Last year, amid the height of the COVID-19 pandemic, General Motors transformed its electronics components plant in Kokomo, Indiana into a ventilator production facility as part of a contract with Ventec. Now the automaker is using the Kokomo facility for yet another side project, this time storing built-shy Chevy Silverado and GMC Sierra pickup trucks in the 2.6 million square foot plant’s sprawling parking lot.
According to Inside Indiana Business, GM is currently stockpiling “hundreds” of partially completed pickup trucks at the Kokomo plant. The trucks are being shipped from the nearby Fort Wayne Assembly plant and are awaiting microchips and other electronic components before they can be shipped to dealers. This strategy, referred to by GM as “build shy”, allows the automaker to keep its truck plants up and running even if it doesn’t have all the chips it needs to finish the vehicles. Full-size pickups like the Chevy Silverado represent the automaker’s most profitable and best-selling products.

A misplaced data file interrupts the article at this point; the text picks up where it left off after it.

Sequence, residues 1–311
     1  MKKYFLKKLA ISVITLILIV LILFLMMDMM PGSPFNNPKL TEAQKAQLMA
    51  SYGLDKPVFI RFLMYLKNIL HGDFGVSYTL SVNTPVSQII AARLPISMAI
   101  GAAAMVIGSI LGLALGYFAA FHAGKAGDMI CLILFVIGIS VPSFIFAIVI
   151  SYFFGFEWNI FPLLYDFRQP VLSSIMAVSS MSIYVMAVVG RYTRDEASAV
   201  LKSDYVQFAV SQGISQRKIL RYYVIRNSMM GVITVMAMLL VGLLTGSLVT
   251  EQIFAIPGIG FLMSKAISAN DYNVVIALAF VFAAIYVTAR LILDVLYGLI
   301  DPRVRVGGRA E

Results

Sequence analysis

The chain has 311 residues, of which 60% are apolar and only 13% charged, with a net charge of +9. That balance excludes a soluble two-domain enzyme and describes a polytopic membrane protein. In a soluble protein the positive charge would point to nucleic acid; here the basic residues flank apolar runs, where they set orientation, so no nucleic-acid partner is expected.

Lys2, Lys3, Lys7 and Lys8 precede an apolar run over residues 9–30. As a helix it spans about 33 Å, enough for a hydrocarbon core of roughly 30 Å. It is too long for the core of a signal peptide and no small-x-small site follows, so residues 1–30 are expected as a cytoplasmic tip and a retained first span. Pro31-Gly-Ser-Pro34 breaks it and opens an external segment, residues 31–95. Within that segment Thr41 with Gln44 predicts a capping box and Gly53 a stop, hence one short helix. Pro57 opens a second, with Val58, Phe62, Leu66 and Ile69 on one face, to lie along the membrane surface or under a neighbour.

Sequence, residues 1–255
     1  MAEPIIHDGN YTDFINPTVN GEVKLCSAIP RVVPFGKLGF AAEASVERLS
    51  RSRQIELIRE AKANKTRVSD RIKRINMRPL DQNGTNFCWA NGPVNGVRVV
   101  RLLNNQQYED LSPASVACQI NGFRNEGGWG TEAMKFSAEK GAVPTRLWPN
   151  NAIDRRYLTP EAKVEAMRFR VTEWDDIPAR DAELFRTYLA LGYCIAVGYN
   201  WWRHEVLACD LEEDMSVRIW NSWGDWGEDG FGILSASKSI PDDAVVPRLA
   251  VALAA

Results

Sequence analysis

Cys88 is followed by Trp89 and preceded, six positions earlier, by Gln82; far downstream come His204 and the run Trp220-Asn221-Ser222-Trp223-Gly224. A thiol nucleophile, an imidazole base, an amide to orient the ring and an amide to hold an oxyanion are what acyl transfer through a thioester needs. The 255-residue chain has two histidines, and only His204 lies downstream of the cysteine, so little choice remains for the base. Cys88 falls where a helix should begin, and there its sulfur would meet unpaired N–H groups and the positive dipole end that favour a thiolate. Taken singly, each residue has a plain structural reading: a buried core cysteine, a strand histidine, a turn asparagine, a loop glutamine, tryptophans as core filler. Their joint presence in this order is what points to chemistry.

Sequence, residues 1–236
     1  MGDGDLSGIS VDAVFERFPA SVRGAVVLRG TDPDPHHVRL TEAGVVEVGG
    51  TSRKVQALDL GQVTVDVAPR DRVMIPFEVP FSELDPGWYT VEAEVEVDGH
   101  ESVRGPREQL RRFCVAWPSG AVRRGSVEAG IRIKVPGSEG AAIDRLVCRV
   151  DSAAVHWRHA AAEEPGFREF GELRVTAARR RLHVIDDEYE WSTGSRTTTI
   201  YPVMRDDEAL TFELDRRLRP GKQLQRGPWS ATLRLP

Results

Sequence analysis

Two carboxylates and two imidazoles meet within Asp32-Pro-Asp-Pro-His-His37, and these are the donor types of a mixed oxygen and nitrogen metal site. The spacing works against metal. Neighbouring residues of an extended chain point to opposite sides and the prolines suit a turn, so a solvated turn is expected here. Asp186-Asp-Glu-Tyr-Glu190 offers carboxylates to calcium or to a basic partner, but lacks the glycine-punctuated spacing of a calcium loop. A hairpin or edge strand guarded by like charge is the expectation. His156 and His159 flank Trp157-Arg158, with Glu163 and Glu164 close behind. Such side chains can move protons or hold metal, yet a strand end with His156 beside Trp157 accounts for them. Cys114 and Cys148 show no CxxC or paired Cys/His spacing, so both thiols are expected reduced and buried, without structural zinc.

GM has fenced off an area of the Kokomo parking lot capable of housing between 5,000 and 7,000 built-shy pickups. The automaker is also stockpiling partially-finished vehicles at countless other parking lots across the country, including at Michigan State University and various lots situated across central Texas. Stored vehicles have also been spotted at GM plants and facilities in Mexico, Missouri and Illinois.
Ironically, the Kokomo Plant was formerly a semiconductor manufacturing facility. GM stopped producing chips there in 2017, saying the “technical capabilities of the current equipment set does not allow the business to compete at a global level.” The automaker also said at the time that it was “cost prohibitive to invest in new equipment to produce semiconductors in GM Kokomo due to the available capacity and capability of existing suppliers to meet demand for semiconductors.” The chip suppliers referenced in this statement, many of which are located overseas, are now the ones scrambling to fulfill demand and warning OEMs the shortage may not let up until well into 2023.
A former GM Kokomo employee, Denise Dodd, told Inside Indiana Business the electronics manufacturing equipment at Kokomo has long since been removed.
“I would like to see them bring back chip manufacturing, but all of the equipment has been removed and to work under a clean room environment, everything would have to be replaced,” Dodd said.